Learn Common Adverb Adjective Collocations in English.
Adverb Adjective Collocations: ABSOLUTELY/UTTERLY + ADJECTIVE
- The police are advising motorists to travel only if their journey is absolutely necessary.
Absolutely/utterly (quite, really) alone
- He’s not just anti-social; he’s absolutely alone.
Absolutely/utterly (quite, really) amazed
- I’m absolutely amazed as a basketball coach, he said.
Absolutely/utterly(quite, really) appalled
- I’m absolutely appalled, but it doesn’t surprise me.
Absolutely/utterly(quite, really) beautiful
- She always looks absolutely beautiful.
Useful Adverb Adjective Collocations | Image 1
Absolutely/utterly(quite, really) convinced
- I am not absolutely convinced that the match incident is worth the footage involved.
Absolutely/utterly(quite, really) devastated
- I’m sure he’ll bounce back, but he’ll be absolutely devastated.
Absolutely/utterly(quite, really) fantastic
- He was absolutely fantastic.
Absolutely/utterly (quite, really) furious
- He is absolutely furious and he wants to get even.
Absolutely/utterly(quite, really) impossible
- In the face of all this, it is absolutely impossible to say what will happen.
Absolutely/utterly(quite, really) miserable
- If you’re absolutely miserable at work, then your boss will be able to tell.
Absolutely/utterly (quite, really) ridiculous
- It is absolutely ridiculous and totally absurd.
Absolutely/utterly(quite, really) stupid
- “You’d be absolutely stupid to vote for me because of my name,” she says.
Absolutely/utterly(quite, really) wrong
- The detention of children is absolutely wrong.
Adverb Adjective Collocations: BITTERLY + ADJECTIVE
- It’s a bitterly cold wind.
- When he heard of it afterward, he bitterly complained that he had been deceived.
- The decision was bitterly criticised by the Sydney press.
- His parents had been bitterly disappointed at his divorce.
- We bitterly regret what happened this morning at both Paddington and King’s Cross.
- For one thing, many ManU fans still bitterly resent his takeover.
Adverb Adjective Collocations: DEEPLY + ADJECTIVE
- The train system has been deeply affected.
- I am deeply ashamed of what I have done.
- Just because he doesn’t devote all his time to you doesn’t mean he doesn’t deeply care about you.
- It was a deeply committed performance.
Useful Adverb Adjective Collocations | Image 2
- He is deeply competitive and quite motivated.
- We are deeply concerned about the future.
- The issue has created a deeply divided nation.
- She was deeply hurt if a man wasn’t exclusively involved with her.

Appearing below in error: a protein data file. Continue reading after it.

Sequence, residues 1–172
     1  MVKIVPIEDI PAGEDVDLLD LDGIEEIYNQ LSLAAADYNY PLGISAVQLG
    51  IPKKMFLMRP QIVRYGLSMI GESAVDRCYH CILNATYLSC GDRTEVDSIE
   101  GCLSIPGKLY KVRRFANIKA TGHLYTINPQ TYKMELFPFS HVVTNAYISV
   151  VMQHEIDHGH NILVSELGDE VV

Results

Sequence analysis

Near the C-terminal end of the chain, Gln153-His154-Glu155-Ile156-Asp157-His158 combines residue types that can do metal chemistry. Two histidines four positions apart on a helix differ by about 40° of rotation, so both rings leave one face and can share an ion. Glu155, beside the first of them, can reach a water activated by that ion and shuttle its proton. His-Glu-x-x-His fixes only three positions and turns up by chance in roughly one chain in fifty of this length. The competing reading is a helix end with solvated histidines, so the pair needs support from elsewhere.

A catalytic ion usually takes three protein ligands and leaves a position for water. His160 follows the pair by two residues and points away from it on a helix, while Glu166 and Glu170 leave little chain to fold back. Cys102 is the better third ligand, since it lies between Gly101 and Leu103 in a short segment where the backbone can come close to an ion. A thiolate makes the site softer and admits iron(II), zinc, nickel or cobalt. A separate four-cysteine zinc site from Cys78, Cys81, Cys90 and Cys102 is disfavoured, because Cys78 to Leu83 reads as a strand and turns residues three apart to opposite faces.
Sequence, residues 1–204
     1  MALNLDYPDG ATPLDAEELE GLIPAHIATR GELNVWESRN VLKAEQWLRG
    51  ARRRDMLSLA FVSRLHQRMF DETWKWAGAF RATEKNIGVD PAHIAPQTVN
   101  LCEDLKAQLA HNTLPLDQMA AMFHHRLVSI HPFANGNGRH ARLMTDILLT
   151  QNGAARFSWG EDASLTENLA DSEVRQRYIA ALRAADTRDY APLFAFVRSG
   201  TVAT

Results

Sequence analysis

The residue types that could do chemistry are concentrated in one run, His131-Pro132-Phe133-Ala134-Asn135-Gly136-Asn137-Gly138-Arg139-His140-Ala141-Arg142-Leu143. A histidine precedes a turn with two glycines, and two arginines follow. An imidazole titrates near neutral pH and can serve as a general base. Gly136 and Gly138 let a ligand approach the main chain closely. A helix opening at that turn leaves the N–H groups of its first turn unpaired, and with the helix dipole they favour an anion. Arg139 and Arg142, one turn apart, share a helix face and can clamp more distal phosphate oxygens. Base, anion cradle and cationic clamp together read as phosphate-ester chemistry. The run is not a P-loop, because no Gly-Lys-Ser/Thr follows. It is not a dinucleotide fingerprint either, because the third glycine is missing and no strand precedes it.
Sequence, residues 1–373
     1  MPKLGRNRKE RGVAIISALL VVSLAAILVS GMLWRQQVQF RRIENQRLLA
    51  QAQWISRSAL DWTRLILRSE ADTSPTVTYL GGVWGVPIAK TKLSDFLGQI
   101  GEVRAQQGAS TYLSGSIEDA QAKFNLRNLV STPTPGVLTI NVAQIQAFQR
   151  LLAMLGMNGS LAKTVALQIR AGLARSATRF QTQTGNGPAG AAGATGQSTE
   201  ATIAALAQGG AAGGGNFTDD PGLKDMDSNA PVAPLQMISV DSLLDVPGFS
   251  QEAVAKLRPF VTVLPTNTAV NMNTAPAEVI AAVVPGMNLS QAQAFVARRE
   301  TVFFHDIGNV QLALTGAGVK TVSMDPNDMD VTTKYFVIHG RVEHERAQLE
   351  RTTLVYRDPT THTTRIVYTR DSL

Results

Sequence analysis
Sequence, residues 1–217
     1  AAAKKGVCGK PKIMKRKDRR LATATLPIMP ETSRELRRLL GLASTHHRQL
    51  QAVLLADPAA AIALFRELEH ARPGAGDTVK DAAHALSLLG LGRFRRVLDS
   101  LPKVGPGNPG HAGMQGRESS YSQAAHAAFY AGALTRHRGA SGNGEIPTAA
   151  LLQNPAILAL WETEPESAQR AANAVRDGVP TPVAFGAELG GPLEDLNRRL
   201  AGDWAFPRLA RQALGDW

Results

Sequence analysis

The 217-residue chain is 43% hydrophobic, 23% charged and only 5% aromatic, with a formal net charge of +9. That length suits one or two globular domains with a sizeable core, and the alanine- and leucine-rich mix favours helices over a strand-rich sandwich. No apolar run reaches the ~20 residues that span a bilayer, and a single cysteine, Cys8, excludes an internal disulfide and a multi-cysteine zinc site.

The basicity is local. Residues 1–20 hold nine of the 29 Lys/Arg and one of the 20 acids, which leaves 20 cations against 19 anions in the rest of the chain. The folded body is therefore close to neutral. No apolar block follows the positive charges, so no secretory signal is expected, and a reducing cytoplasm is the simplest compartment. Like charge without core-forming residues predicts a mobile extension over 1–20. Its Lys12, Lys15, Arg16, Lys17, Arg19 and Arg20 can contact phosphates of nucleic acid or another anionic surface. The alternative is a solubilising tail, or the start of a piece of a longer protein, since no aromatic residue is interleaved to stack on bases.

- He was deeply moved and saddened, I could see.
- I was, quite naturally, deeply offended.
- My insensitive comment was deeply regrettable.
- She was deeply religious from early childhood.
- I was deeply shocked when I heard about it, particularly the way that it happened.
- I was deeply unhappy.
- This has many multinational executives deeply worried.
Adverb Adjective Collocations: HIGHLY + ADJECTIVE
- This topic is highly controversial and very difficult.
- The secession campaign was also highly effective.
- Success is highly probable.
- It is a low-profile but highly profitable enterprise.
- The restaurant comes highly recommended.
- This coal pipeline has been highly successful.
- It is highly unlikely that he’ll be late.
- We’ve not had any snow yet, which is highly unusual.
Useful Adverb Adjective Collocations | Image 3
Adverb Adjective Collocations: RIDICULOUSLY + ADJECTIVE
- “They have a bunch of great vintage furniture shops, and it was ridiculously cheap,” he said.
- September is a ridiculously early time to panic in a long season.
- A hard workout for one person can be ridiculously easy for another.
- It was ridiculously long, absurdly perfect, and alarmingly beautiful.
- National elections are rare, so we have ridiculously small sample sizes.
Adverb Adjective Collocations
- More important, my wife was above ground chatting with a ruggedly handsome tour guide.
- I’m not scared stiff, I’ll be anything but scared.
- I’m strongly opposed to capital punishment.
“Very, extremely, incredibly, terribly, awfully, fairly, a bit, quite, really + weak/good/surprised/angry
- Housing prices are still extremely weak.
- He’s been actively involved in politics for 30 years.
- He was badly hurt.
- Harry was blissfully unaware that he was in danger.
- While her husband had affairs with other women, she lived in blissful ignorance.
- Alaudin started telling me his father’s story and I was completely amazed.
- That’s a completely different subject.
- Completely fantastic and interesting and complicated things!
- “I feel physically completely strong and emotionally completely exhausted,” she said
- I am dead tired.
- For me, they bring to mind the drop-dead gorgeous mountains.
- Companies have been fiercely competitive since.
- I am fully aware that there are serious problems.
- I’m happily married, with children.
- When I was a kid I was painfully shy, so it was hard for me to make friends.
- She looked painfully thin.
- It’s perfectly normal to feel like this.
- Your script was pretty good but I have some suggestions.
- I’m quietly confident that Arsenal can get a result.
- I am quite good at various activities, such as painting and photography.
- Are you quite sure she won’t mind?
- Boats are readily available to visitors.
- She seems reasonably happy in her new job.
- The apartments are reasonably priced.
- The hostages had been reasonably well cared for.
Collocation Examples For English Learners
List of 2500+ Common Collocations in English.